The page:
Faith

Naaman learns that healing doesn’t take much faith. Naaman was a general in the Syrian army. One of his servants, a girl, had been captured and enslaved from Israel. One day she told Naaman’s wife about a prophet in Israel named Elisha that she thought would be able to cure Naaman of the leprosy that he suffered with.

Naaman approached his king and asked permission to go to Israel to find this prophet. The king granted him the permission and off he went. Finally reaching the home of Elisha, Elisha didn’t even bother to come to the door. Instead, he sent a messenger telling Naaman to “Go, wash yourself seven times in the Jordan, and your flesh will be restored and you will be cleansed.”

Angry, Naaman stormed off complaining that he expected the prophet to come out and call on the name of his God and wave his hand over the leprous spot. Besides, he knew that the rivers of his homeland were far better than the Jordan. Why couldn’t he just bathe in those if that’s all it took?

One of Naaman’s servants, however, told him “My father, if the prophet had told you to do some great thing, would you not have done it? How much more, then, when he tells you, ‘Wash and be cleansed’!” (2 Kings 5:13)

So, Naaman went on down to the Jordan and did what Elisha had told him to do and his leprosy was cured. From that moment on, Naaman became a worshipper of Yahweh.

Jesus pointed out that one needed faith no bigger than a mustard seed to move mountains. The quantity or even the quality of the faith seems to be unimportant. How much you think a given course of action will be successful doesn’t seem to count at all. Rather, what matters is what you put your faith in–and do you act upon it? Naaman merely went through the motions, doing what the crazy prophet told him to do. He chose to act as he was told to act. And it worked. Despite the fact that his belief mostly came after God cured him.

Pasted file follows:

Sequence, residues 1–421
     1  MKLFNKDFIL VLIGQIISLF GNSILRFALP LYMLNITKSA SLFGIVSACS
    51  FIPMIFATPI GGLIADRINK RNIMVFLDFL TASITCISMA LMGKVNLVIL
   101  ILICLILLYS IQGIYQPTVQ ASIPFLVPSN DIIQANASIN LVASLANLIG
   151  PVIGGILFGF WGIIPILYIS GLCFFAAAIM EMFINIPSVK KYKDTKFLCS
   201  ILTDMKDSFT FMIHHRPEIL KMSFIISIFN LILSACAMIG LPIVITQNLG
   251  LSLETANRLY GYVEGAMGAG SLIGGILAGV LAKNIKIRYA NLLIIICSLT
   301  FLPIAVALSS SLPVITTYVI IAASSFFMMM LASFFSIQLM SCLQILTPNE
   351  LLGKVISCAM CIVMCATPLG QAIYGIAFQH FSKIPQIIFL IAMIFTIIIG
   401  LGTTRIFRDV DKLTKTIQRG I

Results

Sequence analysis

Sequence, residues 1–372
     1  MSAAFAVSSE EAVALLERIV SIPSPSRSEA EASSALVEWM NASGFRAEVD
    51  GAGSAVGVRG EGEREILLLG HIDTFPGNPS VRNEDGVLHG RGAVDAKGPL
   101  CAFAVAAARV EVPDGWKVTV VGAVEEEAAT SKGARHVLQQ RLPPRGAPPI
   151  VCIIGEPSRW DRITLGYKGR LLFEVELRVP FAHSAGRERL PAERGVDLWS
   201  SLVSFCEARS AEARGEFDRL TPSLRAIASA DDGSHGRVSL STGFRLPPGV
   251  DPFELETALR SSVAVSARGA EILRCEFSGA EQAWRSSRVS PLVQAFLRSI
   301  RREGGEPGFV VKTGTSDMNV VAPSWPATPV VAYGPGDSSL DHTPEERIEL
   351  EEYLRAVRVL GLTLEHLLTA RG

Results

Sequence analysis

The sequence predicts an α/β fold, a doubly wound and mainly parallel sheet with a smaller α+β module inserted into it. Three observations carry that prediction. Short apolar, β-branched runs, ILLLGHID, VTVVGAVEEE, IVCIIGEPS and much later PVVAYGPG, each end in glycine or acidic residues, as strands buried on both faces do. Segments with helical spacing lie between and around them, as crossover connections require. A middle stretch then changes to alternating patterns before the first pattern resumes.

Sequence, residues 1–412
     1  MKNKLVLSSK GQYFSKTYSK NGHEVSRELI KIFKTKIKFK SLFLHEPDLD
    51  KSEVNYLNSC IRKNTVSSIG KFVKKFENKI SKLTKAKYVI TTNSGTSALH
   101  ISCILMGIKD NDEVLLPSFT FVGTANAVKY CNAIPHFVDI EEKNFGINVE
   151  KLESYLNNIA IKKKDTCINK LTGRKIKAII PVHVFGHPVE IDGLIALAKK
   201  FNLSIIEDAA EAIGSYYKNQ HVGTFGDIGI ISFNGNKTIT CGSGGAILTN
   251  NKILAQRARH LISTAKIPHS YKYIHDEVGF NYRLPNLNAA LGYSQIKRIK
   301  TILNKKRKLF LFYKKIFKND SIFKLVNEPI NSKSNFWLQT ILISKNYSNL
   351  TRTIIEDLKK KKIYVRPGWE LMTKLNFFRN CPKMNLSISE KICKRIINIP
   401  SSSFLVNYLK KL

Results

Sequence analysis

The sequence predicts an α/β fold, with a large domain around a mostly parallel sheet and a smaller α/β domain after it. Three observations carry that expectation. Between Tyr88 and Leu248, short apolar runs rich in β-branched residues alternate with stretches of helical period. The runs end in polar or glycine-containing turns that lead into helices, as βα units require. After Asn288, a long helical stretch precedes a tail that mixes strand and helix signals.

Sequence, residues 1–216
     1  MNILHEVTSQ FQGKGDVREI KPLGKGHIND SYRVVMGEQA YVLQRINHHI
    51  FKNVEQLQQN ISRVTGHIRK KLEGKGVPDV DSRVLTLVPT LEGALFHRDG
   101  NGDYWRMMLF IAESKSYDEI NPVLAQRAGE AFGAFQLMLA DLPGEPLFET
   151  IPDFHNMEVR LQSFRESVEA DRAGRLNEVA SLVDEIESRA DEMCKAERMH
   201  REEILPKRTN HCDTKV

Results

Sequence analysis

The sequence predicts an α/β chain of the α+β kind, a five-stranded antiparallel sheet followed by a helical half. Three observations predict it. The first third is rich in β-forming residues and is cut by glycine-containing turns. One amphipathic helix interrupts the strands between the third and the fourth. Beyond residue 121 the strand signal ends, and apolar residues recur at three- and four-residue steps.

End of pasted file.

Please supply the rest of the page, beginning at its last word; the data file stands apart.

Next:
Whether you believe the medicine will make you better, if you believe enough to simply take it like your doctor tells you, you’ll get well. The medicine acts no matter how little you believe in it. It is putting feet to your faith that makes stuff happen. Just do it, as Nike would say. Faith is a choice; that’s all: it’s not complicated or some deep, spiritual feeling. And it comes down to this question: does God exist? Can God do what he says he’ll do? Then live accordingly. Believe what he has promised and choose to live that way.

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About R.P. Nettelhorst

I'm married with three daughters. I live in southern California and I'm a deacon at Quartz Hill Community Church. I spent a couple of summers while I was in college working on a kibbutz in Israel. In 2004, I was a volunteer with the Ansari X-Prize at the winning launches of SpaceShipOne. Member of Society of Biblical Literature, American Academy of Religion, and The Authors Guild
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